Norman MacLeod had been commissioned to help quell the 1837-38 Rebellion. He was a great grandson of ‘Big’ Norman MacLeod (c1733-1794), a Loyalist who served aboard Royal Navy ships blockading the St. Lawrence to prevent arms and supplies being smuggled to American rebels, and later was the co-leader of the famed MacLeod migration from Inverness-shire to Glengarry in 1793-94. ‘Big’ Norman’s son, ‘Big’ Alex MacLeod (1756-1836+), served with the 71st Regiment (Fraser Highlanders) in 1776-1784; late in life ‘Big’ Alex sought Loyalist status, which was denied in error.  His son, Alexander MacLeod (1784-1842), wed Sara MacPhee (1791-1877) whose son became said Captain Norman.
Norman and Mary’s son, Alexander MacLeod (1845-1924), wed Flora McDonald (1850-1923) about 1876. She passed on the prized rose to her daughter Isabella Rachael (1881-1956) who became Mrs. Fred K. MacLeod (1872-1960) about 1905, residing on Lot 26.8th Kenyon, also near Dunvegan. Their daughter, Flora Margaret MacLeod (who wed Cecil Johnston in 1948), has provided much new detail about the MacLeod ties to this rose. Long widowed, she now lives with her daughter Isabelle in Ottawa. Still alert in her mid-nineties, Flora says her brother Alexander MacLeod (1911-1989) "had a green thumb and soon became the prime rose gardener." In August 1943 he married another 5th generation Cameron descendant and distant cousin, Ethel (Campbell) MacLeod (1914-1978), also a former teacher of Glengarry, but then near Timmins, Ontario, where he was again teaching . By 1954 they re-settled in North York, Toronto, with their four children who kept Ethel busy. There, Alex continued as a teacher, but also maintained a flourishing garden in Willowdale where nitrogen in the soil gave his roses a brighter hue.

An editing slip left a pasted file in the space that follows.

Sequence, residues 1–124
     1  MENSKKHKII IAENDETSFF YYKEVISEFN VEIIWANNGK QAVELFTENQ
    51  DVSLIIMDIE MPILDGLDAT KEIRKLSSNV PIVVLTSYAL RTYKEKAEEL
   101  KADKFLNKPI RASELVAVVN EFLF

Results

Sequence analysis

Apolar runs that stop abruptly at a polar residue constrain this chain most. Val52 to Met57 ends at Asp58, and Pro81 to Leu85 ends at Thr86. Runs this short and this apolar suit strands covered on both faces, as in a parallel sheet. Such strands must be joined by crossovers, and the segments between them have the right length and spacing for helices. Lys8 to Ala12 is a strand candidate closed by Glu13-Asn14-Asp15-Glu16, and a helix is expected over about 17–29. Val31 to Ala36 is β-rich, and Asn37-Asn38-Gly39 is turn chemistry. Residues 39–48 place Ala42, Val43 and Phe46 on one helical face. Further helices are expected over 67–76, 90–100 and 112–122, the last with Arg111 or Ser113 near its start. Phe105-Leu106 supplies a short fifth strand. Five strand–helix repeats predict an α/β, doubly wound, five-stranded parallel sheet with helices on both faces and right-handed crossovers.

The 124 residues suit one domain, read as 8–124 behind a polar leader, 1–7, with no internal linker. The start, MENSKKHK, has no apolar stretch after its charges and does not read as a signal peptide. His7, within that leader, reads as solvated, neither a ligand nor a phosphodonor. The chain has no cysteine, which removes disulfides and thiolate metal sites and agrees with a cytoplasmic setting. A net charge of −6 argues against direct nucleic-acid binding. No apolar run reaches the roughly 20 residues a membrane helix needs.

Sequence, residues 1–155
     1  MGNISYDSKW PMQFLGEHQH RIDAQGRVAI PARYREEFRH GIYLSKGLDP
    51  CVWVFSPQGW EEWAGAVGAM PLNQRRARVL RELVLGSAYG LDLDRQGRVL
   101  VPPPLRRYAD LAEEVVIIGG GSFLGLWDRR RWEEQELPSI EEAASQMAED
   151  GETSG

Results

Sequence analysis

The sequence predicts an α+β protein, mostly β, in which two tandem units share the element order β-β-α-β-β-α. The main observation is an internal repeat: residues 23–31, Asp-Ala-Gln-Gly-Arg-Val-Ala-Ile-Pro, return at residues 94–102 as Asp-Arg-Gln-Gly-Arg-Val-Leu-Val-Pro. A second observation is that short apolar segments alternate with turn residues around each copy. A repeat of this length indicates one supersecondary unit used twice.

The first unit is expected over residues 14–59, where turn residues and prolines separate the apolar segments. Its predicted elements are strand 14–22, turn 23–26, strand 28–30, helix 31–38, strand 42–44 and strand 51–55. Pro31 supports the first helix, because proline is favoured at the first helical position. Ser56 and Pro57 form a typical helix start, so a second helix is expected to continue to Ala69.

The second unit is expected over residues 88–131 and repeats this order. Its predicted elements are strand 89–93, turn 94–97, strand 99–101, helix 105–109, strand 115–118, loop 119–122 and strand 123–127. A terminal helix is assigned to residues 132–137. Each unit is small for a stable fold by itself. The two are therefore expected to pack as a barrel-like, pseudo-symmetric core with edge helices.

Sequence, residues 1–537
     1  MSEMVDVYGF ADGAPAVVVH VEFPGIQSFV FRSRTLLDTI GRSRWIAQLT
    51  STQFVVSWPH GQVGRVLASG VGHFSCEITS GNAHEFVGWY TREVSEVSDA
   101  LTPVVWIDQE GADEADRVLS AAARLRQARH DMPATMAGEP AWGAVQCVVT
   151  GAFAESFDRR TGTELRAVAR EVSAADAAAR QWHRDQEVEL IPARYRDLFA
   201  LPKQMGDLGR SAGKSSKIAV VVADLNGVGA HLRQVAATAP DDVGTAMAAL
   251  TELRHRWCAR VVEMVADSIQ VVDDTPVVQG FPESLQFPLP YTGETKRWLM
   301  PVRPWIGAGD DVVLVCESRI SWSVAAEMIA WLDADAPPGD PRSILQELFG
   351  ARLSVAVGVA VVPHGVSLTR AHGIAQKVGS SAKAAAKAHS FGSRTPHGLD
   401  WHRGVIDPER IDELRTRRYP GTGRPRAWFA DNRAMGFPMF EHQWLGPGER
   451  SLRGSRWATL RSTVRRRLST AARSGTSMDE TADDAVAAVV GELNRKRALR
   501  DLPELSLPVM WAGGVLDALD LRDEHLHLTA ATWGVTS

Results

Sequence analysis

Ethel delved into the history of their ancient rose and first garnered publicity for its Loyalist aspect in the National Geographic Magazine when its lengthy article,"The Loyalists," featured a picture of the couple’s Loyalist rose in April 1975. About a year later, 200 years after the KRRNY was first formed, she registered "The Loyalist Rose" with the International Registration Authority for Roses. She then donated it to The United Empire Loyalists’ Association of Canada to mark the Bi-Centennial of the American Revolution and the coming of the Loyalists to Canada. Her Cameron lineage also became recorded in Scottish history. Coincidentally, Alex sold cuttings of the rose to help fund the Toronto and Governor Simcoe UEL branches.
Shoots of the Loyalist Rose are now being sold by the Governor Simcoe and Hamilton Branches of UELAC – memorials to the persevering lives of John and Mary Cameron, who survived into their 100th and 92nd year respectively."